return xValue;
}
void printStackCommands() {
// On a stack machine, just push the value of X onto the stack.
System.out.println("  Push X");
}
}

//   -------------------------------------------------------------------------------

/**
* An object of type ParseError represents a syntax error found in
* the user's input.
*/
private static class ParseError extends Exception {
ParseError(String message) {
super(message);
}
} // end nested class ParseError

public static void main(String[] args) {

while (true) {
System.out.println("\n\nEnter an expression, or press return to end.");
System.out.print("\n?  ");
TextIO.skipBlanks();
if ( TextIO.peek() == '\n' )
break;
try {
ExpNode exp = expressionTree();
TextIO.skipBlanks();
if ( TextIO.peek() != '\n' )
throw new ParseError("Extra data after end of expression.");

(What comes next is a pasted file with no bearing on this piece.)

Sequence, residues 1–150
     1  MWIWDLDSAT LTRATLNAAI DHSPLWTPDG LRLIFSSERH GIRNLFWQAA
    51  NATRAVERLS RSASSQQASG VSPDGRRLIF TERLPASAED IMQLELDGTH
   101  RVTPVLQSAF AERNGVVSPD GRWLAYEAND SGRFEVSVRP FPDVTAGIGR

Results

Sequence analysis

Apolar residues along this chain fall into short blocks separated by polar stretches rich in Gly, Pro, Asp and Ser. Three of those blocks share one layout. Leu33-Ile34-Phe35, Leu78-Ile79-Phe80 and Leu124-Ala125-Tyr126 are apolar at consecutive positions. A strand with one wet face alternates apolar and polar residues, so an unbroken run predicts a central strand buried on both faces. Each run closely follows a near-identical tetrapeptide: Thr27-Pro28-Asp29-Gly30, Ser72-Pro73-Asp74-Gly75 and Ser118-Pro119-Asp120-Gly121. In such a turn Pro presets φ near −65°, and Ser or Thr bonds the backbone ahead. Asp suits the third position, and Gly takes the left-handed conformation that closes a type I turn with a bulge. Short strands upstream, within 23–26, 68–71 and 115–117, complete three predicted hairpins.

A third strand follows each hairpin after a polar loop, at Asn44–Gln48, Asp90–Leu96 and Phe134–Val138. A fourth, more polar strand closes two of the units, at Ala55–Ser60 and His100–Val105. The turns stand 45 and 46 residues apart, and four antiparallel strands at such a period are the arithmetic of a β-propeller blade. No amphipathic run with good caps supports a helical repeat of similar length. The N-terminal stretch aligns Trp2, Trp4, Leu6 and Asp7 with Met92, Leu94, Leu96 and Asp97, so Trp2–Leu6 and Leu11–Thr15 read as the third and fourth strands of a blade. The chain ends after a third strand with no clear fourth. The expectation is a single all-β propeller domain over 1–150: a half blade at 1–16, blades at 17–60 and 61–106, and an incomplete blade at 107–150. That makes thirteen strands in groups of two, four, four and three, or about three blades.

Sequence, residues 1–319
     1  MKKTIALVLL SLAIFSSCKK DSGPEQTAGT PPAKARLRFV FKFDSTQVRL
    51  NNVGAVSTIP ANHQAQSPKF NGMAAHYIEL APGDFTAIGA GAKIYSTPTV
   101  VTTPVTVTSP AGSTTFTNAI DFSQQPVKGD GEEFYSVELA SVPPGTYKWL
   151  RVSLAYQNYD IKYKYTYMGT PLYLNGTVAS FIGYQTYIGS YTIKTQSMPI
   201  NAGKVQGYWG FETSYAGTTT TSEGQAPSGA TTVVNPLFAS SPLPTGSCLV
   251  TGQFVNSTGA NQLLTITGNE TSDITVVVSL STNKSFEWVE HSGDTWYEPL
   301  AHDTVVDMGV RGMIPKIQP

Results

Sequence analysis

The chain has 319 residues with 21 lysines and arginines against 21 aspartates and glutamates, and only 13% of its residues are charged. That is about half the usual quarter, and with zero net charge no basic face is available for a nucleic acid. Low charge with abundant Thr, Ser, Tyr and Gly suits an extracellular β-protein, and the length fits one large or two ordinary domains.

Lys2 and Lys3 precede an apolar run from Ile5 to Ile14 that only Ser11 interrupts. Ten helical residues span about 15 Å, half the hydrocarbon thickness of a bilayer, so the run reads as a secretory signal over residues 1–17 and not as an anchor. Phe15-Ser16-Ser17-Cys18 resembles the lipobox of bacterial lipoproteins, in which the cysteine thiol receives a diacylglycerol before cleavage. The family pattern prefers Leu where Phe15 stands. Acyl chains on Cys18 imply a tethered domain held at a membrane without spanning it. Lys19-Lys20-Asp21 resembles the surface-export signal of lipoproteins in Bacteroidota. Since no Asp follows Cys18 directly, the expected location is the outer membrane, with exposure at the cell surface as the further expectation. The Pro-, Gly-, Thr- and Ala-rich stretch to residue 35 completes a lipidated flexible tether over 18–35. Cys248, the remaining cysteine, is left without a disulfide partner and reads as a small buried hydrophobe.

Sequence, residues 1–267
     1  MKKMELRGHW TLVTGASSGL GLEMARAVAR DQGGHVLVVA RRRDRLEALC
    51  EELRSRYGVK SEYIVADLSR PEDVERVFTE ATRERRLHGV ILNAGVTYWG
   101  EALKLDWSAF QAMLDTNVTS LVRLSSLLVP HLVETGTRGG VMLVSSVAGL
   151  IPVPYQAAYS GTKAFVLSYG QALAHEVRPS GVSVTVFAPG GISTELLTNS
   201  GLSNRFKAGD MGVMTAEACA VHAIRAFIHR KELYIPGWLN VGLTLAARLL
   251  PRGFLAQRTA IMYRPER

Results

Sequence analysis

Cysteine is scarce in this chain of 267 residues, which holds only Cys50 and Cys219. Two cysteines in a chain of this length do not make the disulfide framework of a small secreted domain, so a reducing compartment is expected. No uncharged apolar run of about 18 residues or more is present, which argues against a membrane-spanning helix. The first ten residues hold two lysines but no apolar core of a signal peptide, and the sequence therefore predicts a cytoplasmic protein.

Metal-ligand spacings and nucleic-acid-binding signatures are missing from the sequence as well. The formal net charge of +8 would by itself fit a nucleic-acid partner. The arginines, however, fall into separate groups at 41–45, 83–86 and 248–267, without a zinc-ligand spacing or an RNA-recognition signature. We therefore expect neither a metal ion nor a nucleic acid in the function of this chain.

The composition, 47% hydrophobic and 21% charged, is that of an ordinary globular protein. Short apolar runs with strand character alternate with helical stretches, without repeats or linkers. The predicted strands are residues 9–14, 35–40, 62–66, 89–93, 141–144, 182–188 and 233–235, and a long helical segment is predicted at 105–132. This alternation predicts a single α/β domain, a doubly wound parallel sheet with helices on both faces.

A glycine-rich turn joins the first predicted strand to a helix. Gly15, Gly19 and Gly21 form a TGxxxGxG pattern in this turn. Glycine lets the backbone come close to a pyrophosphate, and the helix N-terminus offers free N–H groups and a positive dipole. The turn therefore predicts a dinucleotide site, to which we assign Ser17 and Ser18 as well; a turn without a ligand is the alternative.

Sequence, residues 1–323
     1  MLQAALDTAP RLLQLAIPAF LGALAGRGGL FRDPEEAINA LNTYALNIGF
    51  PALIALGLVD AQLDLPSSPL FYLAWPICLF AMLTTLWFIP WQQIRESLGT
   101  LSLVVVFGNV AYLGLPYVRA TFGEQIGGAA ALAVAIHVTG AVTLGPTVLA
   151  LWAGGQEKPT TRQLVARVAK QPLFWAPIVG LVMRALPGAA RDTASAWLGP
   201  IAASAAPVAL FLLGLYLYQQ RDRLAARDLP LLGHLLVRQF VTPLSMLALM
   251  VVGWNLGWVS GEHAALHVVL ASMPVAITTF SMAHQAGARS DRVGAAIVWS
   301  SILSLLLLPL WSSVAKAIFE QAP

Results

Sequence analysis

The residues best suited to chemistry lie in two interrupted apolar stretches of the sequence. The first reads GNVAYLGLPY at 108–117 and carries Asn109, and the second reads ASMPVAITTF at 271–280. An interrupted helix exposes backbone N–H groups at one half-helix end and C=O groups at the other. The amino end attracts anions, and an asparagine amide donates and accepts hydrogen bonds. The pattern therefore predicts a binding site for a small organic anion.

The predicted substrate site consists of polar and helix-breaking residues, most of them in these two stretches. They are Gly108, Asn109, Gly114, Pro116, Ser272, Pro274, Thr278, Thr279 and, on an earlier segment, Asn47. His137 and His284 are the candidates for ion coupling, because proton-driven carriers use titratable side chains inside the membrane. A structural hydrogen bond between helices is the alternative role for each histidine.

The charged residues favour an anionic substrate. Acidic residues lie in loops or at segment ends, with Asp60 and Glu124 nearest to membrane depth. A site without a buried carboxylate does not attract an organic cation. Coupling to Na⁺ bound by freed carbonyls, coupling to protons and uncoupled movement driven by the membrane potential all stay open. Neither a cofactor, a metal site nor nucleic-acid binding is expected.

TextIO.getln();
System.out.println("\nValue at x = 0 is " + exp.value(0));
System.out.println("Value at x = 1 is " + exp.value(1));
System.out.println("Value at x = 2 is " + exp.value(2));
System.out.println("Value at x = 3 is " + exp.value(3));
System.out.println("\nOrder of postfix evaluation is:\n");
exp.printStackCommands();
}
catch (ParseError e) {
System.out.println("\n*** Error in input:    " + e.getMessage());
System.out.println("*** Discarding input:  " + TextIO.getln());
}
}

System.out.println("\n\nDone.");

} // end main()

/**
* Reads an expression from the current line of input and builds
* an expression tree that represents the expression.